House Tour: Modern Railroad-Style Home in New Orleans
A skinny lot and the residence’s long, narrow layout provided creative challenges for the couple that transformed it into a home for their family.
At first blush, the Farouki residence in the historic Lower Garden District of New Orleans appears quite compact. The average pedestrian, in scanning the mere 18-foot-wide lot, might be surprised to know that a family of four comfortably lives inside. But this modern railroad-style home was designed by a husband-and-wife team who are architects and designers by trade, and they took on the challenge of maximizing the narrow-but-deep home to perfectly suit their family’s needs.
“[The lot] looked more like where you would park a boat or an RV—not a house,” Sabri said. “But that was what attracted us to it. We felt that, if we used our imagination and creativity, we could make it work.”
Their vision for the space included a juxtaposition of beautiful materials and textures inside, a modern façade that paid tribute to the historic district in which it was located, and from room to room an impressive economy of space.
The main entrance is located along the side of the home, with an ornamental gate that faces the street, serving as a conduit to the front door. This was an important design choice from the start, and it allowed the homeowners to balance the flow of the interior spaces well.
“The ornamental gate acts as the front door,” Sabri said. “To someone on the street, it gives you a sense of entry. Going through that gate, you then proceed halfway down the length of the house, where there’s a French door with a sidelight—that's the front door.”
Situating a front door on the street-facing façade would’ve forced the couple to sacrifice bedroom space. Positioning the entry on the side of the home enabled a more spacious foyer. Upon entering, you’re met with warm white oak lining the grand stairway and forming a tidy built-in shoe rack.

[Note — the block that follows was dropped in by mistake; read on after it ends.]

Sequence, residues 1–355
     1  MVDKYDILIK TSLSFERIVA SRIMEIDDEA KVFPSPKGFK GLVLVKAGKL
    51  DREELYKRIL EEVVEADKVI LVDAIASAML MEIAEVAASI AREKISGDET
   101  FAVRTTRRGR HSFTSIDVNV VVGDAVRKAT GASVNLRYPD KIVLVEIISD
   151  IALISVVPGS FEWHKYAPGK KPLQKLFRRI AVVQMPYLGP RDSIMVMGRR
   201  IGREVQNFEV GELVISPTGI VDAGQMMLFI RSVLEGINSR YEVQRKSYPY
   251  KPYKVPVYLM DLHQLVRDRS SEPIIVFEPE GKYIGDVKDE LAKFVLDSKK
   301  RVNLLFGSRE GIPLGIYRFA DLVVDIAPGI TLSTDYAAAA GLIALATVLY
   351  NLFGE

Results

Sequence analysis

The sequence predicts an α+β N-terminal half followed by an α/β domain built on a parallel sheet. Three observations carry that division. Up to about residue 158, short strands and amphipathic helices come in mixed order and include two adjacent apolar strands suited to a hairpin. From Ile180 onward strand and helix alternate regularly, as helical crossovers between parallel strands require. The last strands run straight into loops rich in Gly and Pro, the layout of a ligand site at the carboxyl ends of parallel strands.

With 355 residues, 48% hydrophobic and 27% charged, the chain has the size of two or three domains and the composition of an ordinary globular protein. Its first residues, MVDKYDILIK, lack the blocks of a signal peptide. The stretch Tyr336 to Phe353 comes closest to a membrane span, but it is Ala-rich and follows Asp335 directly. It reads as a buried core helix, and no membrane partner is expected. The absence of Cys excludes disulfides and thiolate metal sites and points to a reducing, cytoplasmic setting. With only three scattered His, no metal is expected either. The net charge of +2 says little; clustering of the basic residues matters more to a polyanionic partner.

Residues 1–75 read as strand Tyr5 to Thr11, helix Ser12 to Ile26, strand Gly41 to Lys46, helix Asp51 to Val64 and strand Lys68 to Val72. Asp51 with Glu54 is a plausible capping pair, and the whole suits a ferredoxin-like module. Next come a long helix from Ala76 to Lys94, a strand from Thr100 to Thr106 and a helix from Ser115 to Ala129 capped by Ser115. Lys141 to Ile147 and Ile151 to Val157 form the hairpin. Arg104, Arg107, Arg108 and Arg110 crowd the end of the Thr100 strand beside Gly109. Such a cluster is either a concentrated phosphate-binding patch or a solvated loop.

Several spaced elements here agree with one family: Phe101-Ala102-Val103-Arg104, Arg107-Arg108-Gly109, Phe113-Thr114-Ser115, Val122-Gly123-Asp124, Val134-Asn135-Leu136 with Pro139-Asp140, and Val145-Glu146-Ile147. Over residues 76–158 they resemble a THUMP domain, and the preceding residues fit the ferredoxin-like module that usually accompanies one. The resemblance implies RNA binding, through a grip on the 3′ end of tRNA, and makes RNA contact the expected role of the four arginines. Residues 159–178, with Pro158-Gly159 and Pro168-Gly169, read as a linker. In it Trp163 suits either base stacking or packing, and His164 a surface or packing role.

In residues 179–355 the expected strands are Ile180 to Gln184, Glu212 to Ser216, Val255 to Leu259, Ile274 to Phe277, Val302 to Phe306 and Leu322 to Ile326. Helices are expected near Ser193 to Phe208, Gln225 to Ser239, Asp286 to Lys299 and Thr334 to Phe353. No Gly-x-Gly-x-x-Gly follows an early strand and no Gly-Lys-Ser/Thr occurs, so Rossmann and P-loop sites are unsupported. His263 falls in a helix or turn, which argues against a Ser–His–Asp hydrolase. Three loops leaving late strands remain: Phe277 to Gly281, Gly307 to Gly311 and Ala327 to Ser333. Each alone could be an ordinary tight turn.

This first floor is where two bedrooms and all three bathrooms are located. To the left of the entry and facing the street is the main bedroom with an adjoining bathroom. To the right is a powder room and further down the hall is the kids’ shared bedroom and bathroom. The home is roughly 130 feet long.
The stairs’ natural white oak tones contrast in an interesting way with the black steel beam, driven up through the center of the home to provide structural support. Recommended by the home’s structural engineer, the steel was left exposed, as the Faroukis felt it offered a unique opportunity to demarcate spaces and provide a bit of industrial character.
“One of the most fundamental moves was to put the living spaces upstairs,” Sabri said. “We knew we’d want to spend more of our time in the kitchen and living room with our two kids.”
“Upstairs, there are windows on almost all sides,” Sabri said. This was intentional, as the family knew they’d be spending most of their time on the second floor. “We wanted to have as many windows as we could to open it up, and it feels really good. It doesn’t feel as skinny as it is, and that’s the feedback we get when people visit. The windows definitely play a big part of that.”
At the top of the stairs, you find yourself in a small landing, with a light-filled living room area to your left and a sprawling kitchen to your right. Of note in the living room are the clever built-in white-oak millwork shelves, filled with verdant plants and trailing leaves. Numerous windows amplify access to natural light and make the space feel larger than it really is.